Heart rate variability (HRV) is an important marker providing insights into an individual’s physiological stress level, helping athletes and sport enthusiasts monitoring training load and optimizing performance. With apps like HRV4Training, HRV can be computed accurately without the need for any external sensor or device, making it very easy for everyone to benefit from this technique.
How Does HRV Work?
The cardiovascular system is mostly controlled by autonomic regulation through the activity of sympathetic and parasympathetic pathways of the autonomic nervous system and analysis of HRV permits to understand this control mechanism. Several studies on HRV highlighted how different features can provide insights on autonomic regulation and especially on parasympathetic activity [1, 2], the branch of the nervous system mainly responsible for the body’s resting functions.
Simply put, monitoring parasympathetic activity via HRV can provide insights on physiological stress, with higher level of stress resulting in lower HRV. For example, in the context of sports, heavy training is responsible for shifting the cardiac autonomic balance toward a predominance of the sympathetic over the parasympathetic drive. This means that heavy training will typically reduce HRV and by monitoring HRV we can optimize training, reduce the risk of overtraining and ultimately improve performance.
Getting Your HRV Data
Up to a few years ago, HRV was used mainly by elite athletes and coaches or academic researchers working at the intersection of sports, fitness, health and medicine. Many of these experts were able to show links between HRV and performance as well as recovery or training load.
However, in the recent past many new, affordable and user-friendly tools have been developed. These tools typically rely on commercially available heart rate monitors (e.g. a Polar chest strap) to analyze data, compute HRV and provide guidance to the user. The latest developments go even a step further. With apps like HRV4Training, HRV can be computed accurately without the need for any external sensor or device.
HRV4Training uses the phone camera to extract photoplethysmography and then determine markers of the autonomous nervous system activity. The technique has been clinically validated and proved to be a reliable measurement, as good as standard electrocardiograms with sticky gel electrodes [3, 4, 5].
From Data to Actionable Insights
Even with the right tools, HRV can be difficult to gather under the right conditions, and especially interpret. When should you measure? How often? What does the data mean?
HRV4Training makes it much easier, by suggesting when to take the measurement, typically early morning, and guiding you through a paced breathing exercise.
Most importantly, once you have taken your measurement, HRV4Training will interpret the measurement for you, by analyzing it in the context of your own baseline, and giving you personalized advice on today’s training. Should you push it or take it easy?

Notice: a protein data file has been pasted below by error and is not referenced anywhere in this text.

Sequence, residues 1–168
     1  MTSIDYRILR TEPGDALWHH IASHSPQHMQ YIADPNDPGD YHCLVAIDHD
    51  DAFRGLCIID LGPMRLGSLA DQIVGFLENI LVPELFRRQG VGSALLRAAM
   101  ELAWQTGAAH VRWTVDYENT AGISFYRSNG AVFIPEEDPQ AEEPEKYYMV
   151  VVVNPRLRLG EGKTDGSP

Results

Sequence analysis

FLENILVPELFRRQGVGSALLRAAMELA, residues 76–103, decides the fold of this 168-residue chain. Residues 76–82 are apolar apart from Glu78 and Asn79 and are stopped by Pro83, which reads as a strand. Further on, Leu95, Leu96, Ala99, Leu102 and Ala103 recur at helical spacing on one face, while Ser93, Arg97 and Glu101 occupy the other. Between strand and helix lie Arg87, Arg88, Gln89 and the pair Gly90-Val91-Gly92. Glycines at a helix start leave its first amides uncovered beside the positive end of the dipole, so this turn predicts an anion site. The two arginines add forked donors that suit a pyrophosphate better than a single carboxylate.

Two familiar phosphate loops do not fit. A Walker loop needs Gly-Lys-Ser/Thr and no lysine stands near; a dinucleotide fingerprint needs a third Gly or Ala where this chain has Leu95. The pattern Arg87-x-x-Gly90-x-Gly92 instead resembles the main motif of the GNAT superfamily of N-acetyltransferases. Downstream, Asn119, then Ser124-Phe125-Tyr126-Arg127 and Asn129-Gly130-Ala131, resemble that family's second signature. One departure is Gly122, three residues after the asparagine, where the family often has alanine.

By quantifying parasympathetic activity the app is able to translate the information into an assessment of training load and provide actionable insights on physical condition, helping users to better understand how their body responds to trainings and other important factors in life (e.g. sleep, stress, etc.) [6, 7, 8, 9].
HRV4Training lets you annotate a few extra parameters such as sleep, muscle fatigue, etc., and shows you historical data as well as trends that can help you better understand your physical condition for both the day-to-day trainings and over the long run.
For questions / inquiries / feedback about HRV4Training, just drop a line to Marco Altini who you can find on Twitter @marco_alt or visit the HRV4Training blog.
References Sztajzel, Juan. “Heart rate variability: a noninvasive electrocardiographic method to measure the autonomic nervous system.” Swiss medical weekly 134 (2004): 514-522.
 Thayer, Julian F., Shelby S. Yamamoto, and Jos F. Brosschot. “The relationship of autonomic imbalance, heart rate variability and cardiovascular disease risk factors.” International journal of cardiology 141.2 (2010): 122-131.
 Russoniello, C. V., et al. “A measurement of electrocardiography and photoplethesmography in obese children.” Applied psychophysiology and biofeedback 35.3 (2010): 257-259.
 Lu, Sheng, et al. “Can photoplethysmography variability serve as an alternative approach to obtain heart rate variability information?.” Journal of clinical monitoring and computing 22.1 (2008): 23-29.
 HRV4Training Blog: http://www.hrv4training.com/blog/heart-rate-variability-using-the-phones-camera
 Garet, Martin, et al. “Individual interdependence between nocturnal ANS activity and performance in swimmers.” Medicine and science in sports and exercise 36 (2004): 2112-2118.
 Pichot, Vincent, et al. “Relation between heart rate variability and training load in middle-distance runners.” Medicine and science in sports and exercise 32.10 (2000): 1729-1736.
 Kiviniemi, Antti M., et al. “Endurance training guided individually by daily heart rate variability measurements.” European journal of applied physiology 101.6 (2007): 743-751
 Myllymäki, Tero, et al. “Effects of exercise intensity and duration on nocturnal heart rate variability and sleep quality.” European journal of applied physiology112.3 (2012): 801-809